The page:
We like a lot of the things that they do at the fellow analytics firm, SKIM. We take a slightly different approach to understanding shopper response: we explore the historical context of the "wide-angle view" with all the competitive products in all the unique markets over a lengthy timeframe. However, the choice-based conjoint models that SKIM employs are looking for the same thing as Middlegame. How will shoppers choose from a series of different assortment, pricing, and merchandising options?
A month or so ago, while we were still in quarantine, one of the commercial team leaders at SKIM wrote a compelling article about how to restart your brand as we enter a post COVID-19 market. It appeared on the Food and Beverage Insider website. I really liked how the author suggested that the current uncertainty means that marketers need to "get back to basics" and focus on what they control within the tried-and-true 4Ps of product, price, place, and promotion.
It is important to see the 4Ps as a unified approach to presenting your brand in the marketplace and tipping the scales of shopper choice in your favour. Despite all the disruption in our lives and the subsequent turmoil, the foundations of choice behaviour remain constant. The SKIM guys do a good job at highlighting the basics of the 4Ps and the impacting change on context. But I think this goes a little bit deeper. The common denominator is simplicity.
As expected, the folks at McKinsey nail it with their take on approaching the product assortment question in a similar COVID-19 response paper. They highlight that SKU proliferation in the spirit of shopper variety really generates operational redundancy throughout the value chain with bad complexity often outweighing good complexity. This puts an enormous burden on the opportunity for the "win-win" outcome between manufacturers and retailer partners.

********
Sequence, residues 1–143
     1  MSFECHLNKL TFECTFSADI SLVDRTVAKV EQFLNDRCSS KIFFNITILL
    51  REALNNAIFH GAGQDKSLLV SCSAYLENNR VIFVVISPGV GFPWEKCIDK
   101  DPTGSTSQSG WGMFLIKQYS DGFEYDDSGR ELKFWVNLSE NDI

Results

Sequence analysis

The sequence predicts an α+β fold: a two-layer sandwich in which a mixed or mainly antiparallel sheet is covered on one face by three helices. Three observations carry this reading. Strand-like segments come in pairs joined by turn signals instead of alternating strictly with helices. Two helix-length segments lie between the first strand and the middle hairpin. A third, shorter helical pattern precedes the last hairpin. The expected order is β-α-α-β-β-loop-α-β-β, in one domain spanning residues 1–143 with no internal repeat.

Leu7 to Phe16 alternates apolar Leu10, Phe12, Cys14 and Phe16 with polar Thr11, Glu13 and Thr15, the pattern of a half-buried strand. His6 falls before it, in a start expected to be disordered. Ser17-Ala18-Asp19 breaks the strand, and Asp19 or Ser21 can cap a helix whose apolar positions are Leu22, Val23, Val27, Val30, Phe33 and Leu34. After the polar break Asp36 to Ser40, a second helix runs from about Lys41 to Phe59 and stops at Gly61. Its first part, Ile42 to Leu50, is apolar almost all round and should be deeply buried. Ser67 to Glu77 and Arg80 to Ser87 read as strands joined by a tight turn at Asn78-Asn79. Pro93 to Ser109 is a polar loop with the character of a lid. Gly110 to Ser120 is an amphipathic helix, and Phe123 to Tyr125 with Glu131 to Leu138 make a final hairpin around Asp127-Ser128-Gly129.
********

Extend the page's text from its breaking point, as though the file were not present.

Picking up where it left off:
Channel partners run on very thin margins, so facilitating these crowded shelves filled with niche players and low-velocity items means they require an increase in promotional spending, slotting fees, and on/off invoice discounts. This focus on the retailer as opposed to shoppers is what created the vicious cycle that FMCG manufacturers have faced in the modern trade for a quarter of a century. As McKinsey points out, this can destroy value without streamlined planning and production.
I highlighted the importance of simplicity in a blog a few years back as well as referenced the "4Rs" by Steven Cristol and Peter Sealey consisting of Replace, Repackage, Reposition, and Replenish. Replenish stands for "a readily available, continuous supply of zero-defect products" so the shopper must only make the purchase decision once. This sounds like good advice when COVID-19 is sure to put a dent into the 12 seconds the average shopper spends deciding on a purchase.
Middlegame is the only ROMI consultancy of its kind that offers a holistic view of the implications of resource allocation and investment in the marketplace. Our approach to scenario-planning differs from other marketing analytics providers by addressing the anticipated outcome for every SKU (your portfolio and your competitors’) in every channel. Similar to the pieces in chess, each stakeholder can now evaluate the trade-offs of potential choices and collectively apply them to create win-win results.
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